The Missed Farewell
by Kristin Guay
If you are the parent of an older child let me ask you a question: when was the last time you picked up and carried your child? Can you remember the exact moment or the exact circumstance?
My 18-year-old daughter came across this information one day and shared it with me – there is a distinct instant (barring certain circumstances) that is the last time a parent carries their child.
She shared this information as I was hastily preparing dinner. I remember thinking about what she said in between steaming the vegetables, feeding the dog and loading the washing machine. The more I though about it, the more this concept unnerved me.
I guess I really never noticed. I was so accustomed to carrying my children for so many years, with an obviously gradual release. So gradual, that I didn’t even notice when it was the last time my children needed me for easy transportation.
First, there were the papoose-style baby carriers that cradled my daughters close to my chest while I moved about, with both hands free, to handle any required task of a new mother.
Next came the stage when my daughters wanted to walk independently and carrying was based on time constraints, melt downs, fatigue, safety, or a little of all four.
The last stage involved the occasional pick up, when they were at the early elementary age. Maybe we were at a parade and they could not see over the heads of people in the front. Maybe we were approached by an over enthusiastic dog at a local park. Maybe it was even an exuberant jump that landed in my arms because my daughter just received the best gift for their birthday.
I’m sure parents can reflect on their own experiences and see how this happened in their family – maybe it was even a little different between sons and daughters. Regardless of your experience, there was an exact moment when it was the last time – and you did not even know it. There was no celebration, no tears, no joy, no special recognition whatsoever.
Now that I think about it, I wonder what other parenting experiences were the “lasts”.
Years ago, I stopped my goodnight kissing ritual with my now 14-year old daughter. The worse part is that I don’t even remember how or when this ceased to be part of our bedtime routine. For that matter, I do not even remember how it began.
It was an adorable little routine consisting of seven kisses in a specific pattern on her face. But now that’s gone, along with sipping orange smoothies while floating on a raft in a pool on hot summer days, reading bedtime stories while cuddled up on a Hello Kitty comforter, making school lunches for my oldest daughter who is a strict vegetarian, and of course, the magic and wonder of Santa Claus, the Easter Bunny and the Tooth Fairy.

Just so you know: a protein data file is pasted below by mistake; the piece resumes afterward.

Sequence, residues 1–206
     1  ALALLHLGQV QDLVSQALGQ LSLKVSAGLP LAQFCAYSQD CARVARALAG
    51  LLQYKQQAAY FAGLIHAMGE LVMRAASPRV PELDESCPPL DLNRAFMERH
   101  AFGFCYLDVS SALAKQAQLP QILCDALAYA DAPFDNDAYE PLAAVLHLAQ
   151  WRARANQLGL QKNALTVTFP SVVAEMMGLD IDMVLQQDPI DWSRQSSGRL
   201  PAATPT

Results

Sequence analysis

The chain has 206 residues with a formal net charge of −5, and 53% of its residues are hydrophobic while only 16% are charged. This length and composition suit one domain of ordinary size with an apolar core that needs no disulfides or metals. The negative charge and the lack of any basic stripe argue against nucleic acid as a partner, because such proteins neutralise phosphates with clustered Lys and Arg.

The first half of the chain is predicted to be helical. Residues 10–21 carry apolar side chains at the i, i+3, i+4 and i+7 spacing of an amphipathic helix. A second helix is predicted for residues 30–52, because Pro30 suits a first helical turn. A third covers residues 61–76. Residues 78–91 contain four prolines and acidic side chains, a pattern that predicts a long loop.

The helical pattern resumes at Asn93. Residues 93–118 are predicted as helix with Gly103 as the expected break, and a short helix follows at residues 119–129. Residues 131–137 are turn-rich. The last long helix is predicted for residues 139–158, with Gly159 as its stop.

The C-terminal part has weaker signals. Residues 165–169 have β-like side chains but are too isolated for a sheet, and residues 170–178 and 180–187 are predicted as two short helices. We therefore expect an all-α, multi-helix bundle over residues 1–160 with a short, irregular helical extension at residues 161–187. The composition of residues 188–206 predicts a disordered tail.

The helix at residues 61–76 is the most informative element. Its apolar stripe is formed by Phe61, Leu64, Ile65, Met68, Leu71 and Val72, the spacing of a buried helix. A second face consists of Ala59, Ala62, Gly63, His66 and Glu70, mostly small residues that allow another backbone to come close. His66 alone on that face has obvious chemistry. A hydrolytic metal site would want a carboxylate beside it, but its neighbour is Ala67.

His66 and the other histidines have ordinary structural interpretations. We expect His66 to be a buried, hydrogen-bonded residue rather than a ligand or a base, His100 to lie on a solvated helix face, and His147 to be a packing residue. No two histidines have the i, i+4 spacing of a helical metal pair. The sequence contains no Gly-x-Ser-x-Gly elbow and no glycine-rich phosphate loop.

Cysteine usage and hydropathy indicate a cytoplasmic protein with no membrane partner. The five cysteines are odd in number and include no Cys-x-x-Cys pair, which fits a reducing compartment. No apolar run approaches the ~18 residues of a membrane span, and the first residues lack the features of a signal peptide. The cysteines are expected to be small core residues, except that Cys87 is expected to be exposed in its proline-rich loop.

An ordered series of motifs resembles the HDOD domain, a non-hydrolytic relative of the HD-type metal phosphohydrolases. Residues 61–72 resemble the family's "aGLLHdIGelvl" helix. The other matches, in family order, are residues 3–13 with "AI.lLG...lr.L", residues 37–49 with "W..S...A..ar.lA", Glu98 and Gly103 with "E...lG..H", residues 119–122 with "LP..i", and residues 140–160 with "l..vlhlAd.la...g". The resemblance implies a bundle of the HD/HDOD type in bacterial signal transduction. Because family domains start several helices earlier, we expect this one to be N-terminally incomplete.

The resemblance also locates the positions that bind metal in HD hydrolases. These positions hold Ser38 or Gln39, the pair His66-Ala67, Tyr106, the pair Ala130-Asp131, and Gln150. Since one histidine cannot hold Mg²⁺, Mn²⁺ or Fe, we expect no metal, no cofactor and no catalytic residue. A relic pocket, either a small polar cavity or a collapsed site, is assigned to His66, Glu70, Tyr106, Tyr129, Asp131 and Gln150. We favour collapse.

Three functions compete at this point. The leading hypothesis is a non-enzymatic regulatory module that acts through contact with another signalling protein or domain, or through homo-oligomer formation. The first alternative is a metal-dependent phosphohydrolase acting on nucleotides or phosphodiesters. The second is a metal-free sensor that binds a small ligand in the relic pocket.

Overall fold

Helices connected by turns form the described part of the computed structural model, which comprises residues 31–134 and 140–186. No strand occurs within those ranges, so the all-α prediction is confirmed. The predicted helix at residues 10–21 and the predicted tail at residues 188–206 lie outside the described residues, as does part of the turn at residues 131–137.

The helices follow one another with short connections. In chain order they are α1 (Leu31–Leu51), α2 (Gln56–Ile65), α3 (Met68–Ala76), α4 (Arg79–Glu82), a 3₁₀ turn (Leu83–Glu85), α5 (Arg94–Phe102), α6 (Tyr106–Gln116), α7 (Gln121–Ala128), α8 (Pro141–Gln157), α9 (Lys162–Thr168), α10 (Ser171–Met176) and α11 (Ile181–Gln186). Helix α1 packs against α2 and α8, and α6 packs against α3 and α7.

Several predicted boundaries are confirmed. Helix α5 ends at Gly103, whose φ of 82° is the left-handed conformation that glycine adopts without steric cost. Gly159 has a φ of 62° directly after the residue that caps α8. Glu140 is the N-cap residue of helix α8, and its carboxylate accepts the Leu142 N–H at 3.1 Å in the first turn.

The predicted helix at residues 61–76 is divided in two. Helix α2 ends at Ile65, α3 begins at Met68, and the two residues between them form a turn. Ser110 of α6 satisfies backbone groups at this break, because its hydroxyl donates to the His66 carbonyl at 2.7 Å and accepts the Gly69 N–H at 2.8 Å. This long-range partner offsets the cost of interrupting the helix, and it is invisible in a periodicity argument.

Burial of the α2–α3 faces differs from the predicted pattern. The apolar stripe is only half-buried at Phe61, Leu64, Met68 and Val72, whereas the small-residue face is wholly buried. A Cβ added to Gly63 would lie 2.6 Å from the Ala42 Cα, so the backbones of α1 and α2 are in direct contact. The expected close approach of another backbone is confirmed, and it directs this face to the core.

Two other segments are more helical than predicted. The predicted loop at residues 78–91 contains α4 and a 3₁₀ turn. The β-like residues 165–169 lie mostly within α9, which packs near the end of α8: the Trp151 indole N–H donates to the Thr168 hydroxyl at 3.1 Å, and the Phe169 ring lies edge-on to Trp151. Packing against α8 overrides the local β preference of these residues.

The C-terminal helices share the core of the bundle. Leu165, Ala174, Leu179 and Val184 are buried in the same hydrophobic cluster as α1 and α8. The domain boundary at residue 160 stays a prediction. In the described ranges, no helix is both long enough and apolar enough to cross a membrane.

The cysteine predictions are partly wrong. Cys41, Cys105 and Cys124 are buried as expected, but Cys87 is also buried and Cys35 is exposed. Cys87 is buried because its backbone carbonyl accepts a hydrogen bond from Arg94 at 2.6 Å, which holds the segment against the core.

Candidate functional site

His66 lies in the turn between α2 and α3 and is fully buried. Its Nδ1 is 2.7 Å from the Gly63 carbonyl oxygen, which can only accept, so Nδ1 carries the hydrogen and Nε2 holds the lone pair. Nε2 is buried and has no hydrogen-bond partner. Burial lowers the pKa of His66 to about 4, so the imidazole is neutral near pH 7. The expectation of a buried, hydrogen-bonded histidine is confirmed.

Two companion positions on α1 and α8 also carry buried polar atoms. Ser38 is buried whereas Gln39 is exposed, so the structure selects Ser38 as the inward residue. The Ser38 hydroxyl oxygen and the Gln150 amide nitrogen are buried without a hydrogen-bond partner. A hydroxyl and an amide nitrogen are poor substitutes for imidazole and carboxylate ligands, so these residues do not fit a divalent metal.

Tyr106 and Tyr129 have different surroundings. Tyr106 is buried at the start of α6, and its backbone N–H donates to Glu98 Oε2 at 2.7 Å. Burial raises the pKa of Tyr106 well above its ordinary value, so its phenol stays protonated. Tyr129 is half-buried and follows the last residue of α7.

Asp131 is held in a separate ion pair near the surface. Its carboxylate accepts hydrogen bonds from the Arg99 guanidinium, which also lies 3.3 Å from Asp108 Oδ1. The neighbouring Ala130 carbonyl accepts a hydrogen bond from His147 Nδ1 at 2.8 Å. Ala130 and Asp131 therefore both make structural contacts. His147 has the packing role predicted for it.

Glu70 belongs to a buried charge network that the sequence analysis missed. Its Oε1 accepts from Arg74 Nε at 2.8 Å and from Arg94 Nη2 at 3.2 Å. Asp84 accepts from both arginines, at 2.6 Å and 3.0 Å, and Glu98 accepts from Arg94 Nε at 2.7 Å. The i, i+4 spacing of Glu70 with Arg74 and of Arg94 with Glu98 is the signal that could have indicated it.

So many important milestones have passed and I never had a chance to appreciate their significance in our family and bestow upon these rituals their proper farewell.
Our family life was like a crazy quilt, with no set pattern or color scheme. Similar to the unique pieces on a quilt, we all had our individual personalities. Sometimes we had soft curves and smooth contours, other times we had more sharp points and severe edges.
Our rituals were the colored thread that connected these erratic shapes, creating one beautiful complete tapestry.
I found that when I was the parent of young children, our family life was a huge blur of soccer games, sleepovers, music and dance recitals, trips to the playground, crafts with glue and glitter, Dora the Explorer, stuffed animals, snow cones, warm chocolate chip cookies, birthday parties, children’s zoo, Winnie-the-Pooh and a constant revolving door of pets.
The hours turned to days, days turned to months, months turned to years, and before I knew it, my husband and I were dropping off our oldest daughter at college, in Washington, D.C. That was the day I realized that there are some things I will never do again with my children. A sobering realization.
It’s not that I don’t cherish the time with my daughters now. I do. Pool time has been replaced by mother-daughter gym workouts. Bedtime stories replaced by insightful talks in an intimate coffee shop. Vegetarian lunches replaced with chicken lunches for a daughter whose idea of a vegetable is a French fry.
The magic of celebrated holidays has been replaced by special family trips. We no longer stay home for whatever holiday-related character will leave colorfully wrapped gifts, a white wicker basket with chocolates, or a crisp one dollar bill sprinkled with pixy dust, courtesy of a fairy that enjoys collecting baby teeth.
Would I have done anything different if I knew that a particular moment was the last time I would have that experience?
Life does not work that way.There are many times in our lives where we are very conscious that what we are experiencing might be our last of that particular experience.
Several years ago, our family traveled to Lucerne, Switzerland, for the winter break. On our last night, after we’d enjoyed an amazing fondue dinner, we were walking back across the Chapel Bridge to our hotel when we stopped to appreciate the amazing vista and say our goodbyes.